US operators are to exercise extra caution when operating over, within, in or out of Mali below FL260.

Why? There is a risk of militant and extremist activity and mortars, rocket and anti aircraft fire.


US operators are to exercise extra caution when operating over, within, in or out of Pakistan.

Why? There is a risk of militant and extremist activity and mortars, rocket and anti aircraft fire.

Persian Gulf

Exercise caution operating in overwater airspace above the Persian Gulf and Gulf of Oman in the OKAC/Kuwait, OEJD/Jeddah, OBBB/Bahrain, OOMM/Muscat and OMAE/Emirates FIRs.

Why? There is a lot of military posturing and political tensions in the region and this bit is particularly close to the OIIX/Tehran FIR which is prohibited for US operators.


US operators are prohibited operating below FL260 in the airspace of Somalia.

Why? There are active extremists in the region which pose a threat.


US operators are prohibited from entering the OSTT/Damascus FIR, and should exercise caution if within 200nm of Syrian airspace.

Why? It is a complex and ongoing conflict there, and it poses a risk to US operators.


US operators are prohibited from entering the UKDV/Dneptropetrovsk FIR (the UKFV/Simferepol FIR is ok).

Why? There is ongoing military action and the potential for aircraft misidentification there.


All operations below FL260 are prohibited unless specifically approved or they need to for an emergency.

Why? Mainly poor infrastructure, and political conflict between the two countries.


US operators are basically prohibited from overflying the landmass of Yemen, but certain offshore routes within the OYSC/Sanaa FIR are allowed.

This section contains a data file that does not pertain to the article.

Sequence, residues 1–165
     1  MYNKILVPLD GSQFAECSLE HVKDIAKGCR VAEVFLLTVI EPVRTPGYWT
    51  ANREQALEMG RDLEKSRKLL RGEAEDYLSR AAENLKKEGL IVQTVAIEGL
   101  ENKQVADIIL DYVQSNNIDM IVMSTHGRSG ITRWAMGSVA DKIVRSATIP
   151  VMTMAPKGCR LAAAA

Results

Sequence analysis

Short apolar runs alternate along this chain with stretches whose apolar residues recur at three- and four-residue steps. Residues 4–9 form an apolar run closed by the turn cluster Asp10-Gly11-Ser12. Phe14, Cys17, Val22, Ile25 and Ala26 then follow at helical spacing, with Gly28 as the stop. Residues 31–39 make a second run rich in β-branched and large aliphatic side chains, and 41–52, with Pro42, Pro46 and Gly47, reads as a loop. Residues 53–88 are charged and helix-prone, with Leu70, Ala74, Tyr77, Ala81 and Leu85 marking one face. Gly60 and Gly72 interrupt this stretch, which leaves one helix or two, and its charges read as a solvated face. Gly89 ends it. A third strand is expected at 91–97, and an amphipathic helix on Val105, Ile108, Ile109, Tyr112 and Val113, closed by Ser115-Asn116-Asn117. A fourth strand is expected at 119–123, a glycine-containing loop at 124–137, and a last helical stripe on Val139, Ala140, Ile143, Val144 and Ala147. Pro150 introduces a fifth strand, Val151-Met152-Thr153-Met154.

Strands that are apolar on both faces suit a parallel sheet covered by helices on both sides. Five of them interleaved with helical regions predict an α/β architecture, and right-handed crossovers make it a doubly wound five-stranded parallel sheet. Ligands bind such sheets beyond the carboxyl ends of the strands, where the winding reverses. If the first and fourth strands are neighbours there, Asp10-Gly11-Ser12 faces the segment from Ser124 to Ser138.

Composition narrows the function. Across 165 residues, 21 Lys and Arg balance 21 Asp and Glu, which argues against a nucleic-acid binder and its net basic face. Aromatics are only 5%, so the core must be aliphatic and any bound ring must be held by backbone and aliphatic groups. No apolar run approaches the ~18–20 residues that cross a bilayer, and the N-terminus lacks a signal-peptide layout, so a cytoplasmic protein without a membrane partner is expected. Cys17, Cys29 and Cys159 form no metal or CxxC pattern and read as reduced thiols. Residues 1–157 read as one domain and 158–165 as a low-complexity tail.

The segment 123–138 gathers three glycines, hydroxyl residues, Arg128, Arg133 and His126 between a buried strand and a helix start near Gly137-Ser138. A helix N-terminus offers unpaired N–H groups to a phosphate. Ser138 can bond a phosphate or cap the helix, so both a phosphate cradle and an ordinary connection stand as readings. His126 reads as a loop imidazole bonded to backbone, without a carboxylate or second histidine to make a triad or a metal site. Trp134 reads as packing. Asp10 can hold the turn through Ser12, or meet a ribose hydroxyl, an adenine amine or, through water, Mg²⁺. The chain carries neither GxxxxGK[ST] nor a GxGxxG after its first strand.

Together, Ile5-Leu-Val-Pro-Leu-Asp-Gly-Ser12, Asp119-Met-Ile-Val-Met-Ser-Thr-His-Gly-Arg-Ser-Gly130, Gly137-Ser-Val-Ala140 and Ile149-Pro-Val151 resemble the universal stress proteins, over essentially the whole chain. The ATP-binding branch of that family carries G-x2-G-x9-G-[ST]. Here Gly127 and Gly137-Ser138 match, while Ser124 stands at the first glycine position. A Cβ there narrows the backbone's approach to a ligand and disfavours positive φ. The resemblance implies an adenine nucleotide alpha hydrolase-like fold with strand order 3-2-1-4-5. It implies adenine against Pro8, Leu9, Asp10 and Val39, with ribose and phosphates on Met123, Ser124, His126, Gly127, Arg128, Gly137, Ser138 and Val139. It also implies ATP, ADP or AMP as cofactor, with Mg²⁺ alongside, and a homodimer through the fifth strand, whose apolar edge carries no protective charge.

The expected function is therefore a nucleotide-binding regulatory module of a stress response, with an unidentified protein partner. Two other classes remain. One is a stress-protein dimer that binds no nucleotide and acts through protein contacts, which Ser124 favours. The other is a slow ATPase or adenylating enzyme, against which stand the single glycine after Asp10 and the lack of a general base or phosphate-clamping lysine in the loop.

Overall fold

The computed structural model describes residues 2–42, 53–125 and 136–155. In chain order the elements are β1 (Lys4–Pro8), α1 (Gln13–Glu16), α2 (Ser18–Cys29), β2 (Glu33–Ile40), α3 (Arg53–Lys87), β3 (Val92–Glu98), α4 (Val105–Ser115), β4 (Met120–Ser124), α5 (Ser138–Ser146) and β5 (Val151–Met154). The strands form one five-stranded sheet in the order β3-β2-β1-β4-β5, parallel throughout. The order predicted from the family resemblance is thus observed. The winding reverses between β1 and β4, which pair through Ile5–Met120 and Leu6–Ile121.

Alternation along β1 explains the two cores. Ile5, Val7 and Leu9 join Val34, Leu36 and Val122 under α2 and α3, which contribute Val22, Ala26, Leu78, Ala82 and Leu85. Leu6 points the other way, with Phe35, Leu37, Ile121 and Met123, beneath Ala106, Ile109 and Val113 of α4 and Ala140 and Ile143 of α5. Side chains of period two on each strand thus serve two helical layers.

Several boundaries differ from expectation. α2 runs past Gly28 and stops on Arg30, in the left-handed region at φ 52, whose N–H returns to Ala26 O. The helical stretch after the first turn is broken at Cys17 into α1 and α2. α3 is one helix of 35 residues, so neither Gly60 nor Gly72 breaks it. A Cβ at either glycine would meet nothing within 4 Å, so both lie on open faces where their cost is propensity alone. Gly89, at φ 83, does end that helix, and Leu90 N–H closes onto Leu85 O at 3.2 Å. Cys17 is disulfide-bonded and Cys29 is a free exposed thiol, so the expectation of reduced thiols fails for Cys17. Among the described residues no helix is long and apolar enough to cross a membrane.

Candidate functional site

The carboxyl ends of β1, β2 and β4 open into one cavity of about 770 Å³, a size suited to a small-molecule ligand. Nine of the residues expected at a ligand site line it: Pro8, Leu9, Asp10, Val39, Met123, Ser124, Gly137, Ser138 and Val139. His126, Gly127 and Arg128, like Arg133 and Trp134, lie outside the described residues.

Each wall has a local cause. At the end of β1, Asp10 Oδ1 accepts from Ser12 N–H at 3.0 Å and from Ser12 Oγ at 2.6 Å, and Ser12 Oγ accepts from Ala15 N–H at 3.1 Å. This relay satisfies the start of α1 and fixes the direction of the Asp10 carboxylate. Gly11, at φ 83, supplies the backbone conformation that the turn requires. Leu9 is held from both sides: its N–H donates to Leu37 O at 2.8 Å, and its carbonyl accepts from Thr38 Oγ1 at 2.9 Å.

Why? Because of ongoing fighting, instability and possible terrorist activity.

An even briefer summary

US FAA KICZ and SFARs. Click to download PDF.

For further information on the situation in each country and to see the prohibitions and restrictions recommended by other authorities, visit the SafeAirspace site.

The concept of SafeAirspace is this: to have a single source for all risk warnings issued about an individual country, independent of any political or commercial motivation, so that a pilot, flight dispatcher, security department, or anyone responsible for flight safety can quickly and easily see the current risk picture.

Travel Advisories

Travel Advisories and Airspace Warnings are different things. But for US operators flying internationally, it’s worth checking out the latest country-specific Travel Advisories issued by the US Dept of State. Each country’s Travel Advisory also has a link to the local US Embassy website in that country – these will show announcements on all the latest security-related news and incidents there.

Who doesn’t appreciate a nice color-coded map.

Further reading

  • US and allied forces have now pulled out of Afghanistan, and the Taliban have taken control of the country. Afghanistan’s airspace is now effectively closed to overflights – the OAKX/Kabul FIR is uncontrolled, and overflying traffic should route around the country. Here is our latest update on what is happening.
  • The US reissued their Ukraine warnings in 2021. However, certain regions are Ukrainian airspace are now deemed safe for overflight.
  • Information on the aircraft shootdown in Iran, and ongoing concerns with their airspace safety.
  • Assessing the risk to routing over or into conflict zones is much more than just an “is there a weapon down there?” question. Gathering and sharing information on airspace risk is still one of the biggest barriers to safety. Are we actively seeking this information, or simply waiting for it to come our way? Read our article.

More on the topic:

More reading:



Question for us? Write to

Leave a Reply

Copy link
Powered by Social Snap